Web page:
A Quick Rise And Fall For the CRR

Every December, Dean Whitlock sends a letter to all the House committees asking them to nominate students to the Committee on Rights and Responsibilities. The House committees usually ignore him.

Since 1971 students have refused to serve on the CRR, a disciplinary committee the Faculty set up in the wake of the 1969 strike because it had no way of dealing with student radicals. The students' main objection to the CRR, other than its basic purpose, was its student-faculty ration--7 to 4--and its closed hearings.

But this time, over a year since the CRR had done anything substantial, several Houses considered nominating students, or nominated students to look into the CRR, or asked Whitlock about it. There was no real organized move to put students on the CRR, but there did seem at least to be more willingness than ever before on the part of students to participate in the disciplinary committee.

A few weeks later, a counter-offensive began to take shape. Lowell, Mather, Adams, South, Quincy and Winthrop Houses all decided not to participate in the CRR, and in Currier House two students began to try to organize a College-wide CRR reform move.

The matter slid along into the spring without any students joining the CRR, and in April the Committee on Houses and Undergraduate Life passed a resolution asking for Faculty-student negotiations for changes in the CRR.


In the meantime, Whitlock and Rosovsky had been discussing the problem and decided that the best way to handle it would be to create a subcommittee of the Faculty Council to meet with students. So in May, after the CHUL resolution, the council went along with the idea, and the subcommittee will start meeting with CHUL representatives in the fall to talk about the CRR.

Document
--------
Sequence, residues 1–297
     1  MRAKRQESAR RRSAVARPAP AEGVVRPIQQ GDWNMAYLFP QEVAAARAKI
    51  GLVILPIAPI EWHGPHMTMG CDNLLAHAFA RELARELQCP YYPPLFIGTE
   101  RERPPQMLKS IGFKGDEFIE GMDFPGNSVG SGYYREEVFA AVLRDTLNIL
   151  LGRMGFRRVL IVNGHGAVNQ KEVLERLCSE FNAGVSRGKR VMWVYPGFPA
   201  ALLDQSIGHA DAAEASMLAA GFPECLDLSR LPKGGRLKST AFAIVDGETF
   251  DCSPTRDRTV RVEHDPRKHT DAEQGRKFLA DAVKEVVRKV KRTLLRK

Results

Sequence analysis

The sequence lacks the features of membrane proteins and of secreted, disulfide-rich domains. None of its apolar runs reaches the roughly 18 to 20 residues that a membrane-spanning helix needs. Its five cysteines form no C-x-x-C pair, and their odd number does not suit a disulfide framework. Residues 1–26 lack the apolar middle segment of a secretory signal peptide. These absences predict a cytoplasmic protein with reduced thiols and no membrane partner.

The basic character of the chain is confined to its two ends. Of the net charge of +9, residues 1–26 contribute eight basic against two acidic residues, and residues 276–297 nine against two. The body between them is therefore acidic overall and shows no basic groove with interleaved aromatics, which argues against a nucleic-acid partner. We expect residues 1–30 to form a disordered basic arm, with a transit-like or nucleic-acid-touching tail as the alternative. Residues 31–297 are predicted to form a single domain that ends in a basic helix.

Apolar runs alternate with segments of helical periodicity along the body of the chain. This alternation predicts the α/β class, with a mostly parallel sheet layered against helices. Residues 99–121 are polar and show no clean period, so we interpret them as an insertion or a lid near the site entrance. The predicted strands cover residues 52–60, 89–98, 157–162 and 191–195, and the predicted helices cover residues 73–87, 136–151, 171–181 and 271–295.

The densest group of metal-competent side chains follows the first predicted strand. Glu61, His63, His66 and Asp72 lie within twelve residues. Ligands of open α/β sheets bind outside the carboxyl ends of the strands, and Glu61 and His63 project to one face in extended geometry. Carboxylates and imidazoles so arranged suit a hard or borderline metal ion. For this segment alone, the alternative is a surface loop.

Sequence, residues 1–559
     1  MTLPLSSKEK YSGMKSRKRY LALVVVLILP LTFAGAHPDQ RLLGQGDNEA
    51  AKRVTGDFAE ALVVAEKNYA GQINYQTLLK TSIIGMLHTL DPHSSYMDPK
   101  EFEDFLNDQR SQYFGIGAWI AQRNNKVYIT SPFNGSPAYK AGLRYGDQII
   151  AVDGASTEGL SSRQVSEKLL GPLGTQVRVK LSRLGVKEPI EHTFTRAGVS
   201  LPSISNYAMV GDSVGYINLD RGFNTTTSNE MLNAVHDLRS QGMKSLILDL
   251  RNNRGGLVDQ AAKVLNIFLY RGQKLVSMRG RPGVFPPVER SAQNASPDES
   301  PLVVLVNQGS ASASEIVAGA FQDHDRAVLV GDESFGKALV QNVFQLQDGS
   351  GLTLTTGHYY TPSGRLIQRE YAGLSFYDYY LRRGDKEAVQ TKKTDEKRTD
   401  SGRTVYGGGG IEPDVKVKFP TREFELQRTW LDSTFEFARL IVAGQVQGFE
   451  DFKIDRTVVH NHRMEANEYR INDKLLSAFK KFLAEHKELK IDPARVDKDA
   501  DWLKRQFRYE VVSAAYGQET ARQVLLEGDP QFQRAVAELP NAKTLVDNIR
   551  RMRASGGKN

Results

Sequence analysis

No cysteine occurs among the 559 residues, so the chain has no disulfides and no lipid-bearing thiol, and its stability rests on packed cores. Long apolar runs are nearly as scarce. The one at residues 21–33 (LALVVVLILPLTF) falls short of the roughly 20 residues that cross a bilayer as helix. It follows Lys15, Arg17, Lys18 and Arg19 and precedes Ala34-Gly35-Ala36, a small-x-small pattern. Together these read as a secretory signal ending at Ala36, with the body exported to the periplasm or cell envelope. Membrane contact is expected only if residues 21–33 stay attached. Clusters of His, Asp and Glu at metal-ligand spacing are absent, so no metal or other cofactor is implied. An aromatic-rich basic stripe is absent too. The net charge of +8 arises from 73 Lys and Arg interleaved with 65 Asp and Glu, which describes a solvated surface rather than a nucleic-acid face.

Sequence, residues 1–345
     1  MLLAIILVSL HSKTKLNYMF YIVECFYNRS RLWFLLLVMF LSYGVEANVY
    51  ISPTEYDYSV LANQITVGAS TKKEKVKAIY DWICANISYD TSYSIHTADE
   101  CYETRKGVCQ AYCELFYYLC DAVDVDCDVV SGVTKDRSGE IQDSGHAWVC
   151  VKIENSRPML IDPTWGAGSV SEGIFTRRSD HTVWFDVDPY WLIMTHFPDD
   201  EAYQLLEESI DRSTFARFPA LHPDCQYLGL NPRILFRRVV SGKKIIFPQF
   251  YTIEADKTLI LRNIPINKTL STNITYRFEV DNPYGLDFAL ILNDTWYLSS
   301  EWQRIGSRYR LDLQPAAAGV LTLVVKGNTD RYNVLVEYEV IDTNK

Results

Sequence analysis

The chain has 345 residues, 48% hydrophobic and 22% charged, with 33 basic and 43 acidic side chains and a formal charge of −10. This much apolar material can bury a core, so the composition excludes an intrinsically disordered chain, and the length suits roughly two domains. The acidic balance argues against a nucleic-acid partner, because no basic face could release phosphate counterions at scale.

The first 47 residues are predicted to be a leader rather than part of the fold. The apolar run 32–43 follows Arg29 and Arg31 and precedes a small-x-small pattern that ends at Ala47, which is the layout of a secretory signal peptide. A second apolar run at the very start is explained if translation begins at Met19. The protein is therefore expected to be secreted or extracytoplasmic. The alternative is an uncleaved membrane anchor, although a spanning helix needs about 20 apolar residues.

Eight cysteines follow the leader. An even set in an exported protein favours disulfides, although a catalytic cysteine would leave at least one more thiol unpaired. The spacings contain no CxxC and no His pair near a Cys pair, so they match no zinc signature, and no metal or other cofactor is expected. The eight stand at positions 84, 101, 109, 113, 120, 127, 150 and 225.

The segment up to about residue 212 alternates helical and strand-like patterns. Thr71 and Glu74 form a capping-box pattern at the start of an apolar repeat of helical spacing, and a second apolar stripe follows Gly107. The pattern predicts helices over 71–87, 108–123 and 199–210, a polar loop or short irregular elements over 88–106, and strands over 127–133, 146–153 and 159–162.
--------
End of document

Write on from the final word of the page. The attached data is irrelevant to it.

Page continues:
But this new willingness to negotiate does not mean that major changes in the CRR are in the offing. The council is reportedly dead set against the idea of equal student-faculty representation and any conceptual changes in the Resolution on Rights and Responsibilities, the Faculty enabling legislation for the CRR. And the Faculty doesn't look very favorably on changes in the CRR; last spring it voted down by wide margins a series of five such reforms, including a proposal for equal student-faculty representation.

If students stick to their present position--which, although murky, seems to be that they don't want to have anything to do with a CRR with less students than faculty members--it's unlikely that anyone will come out of next fall's negotiations particularly satisfied.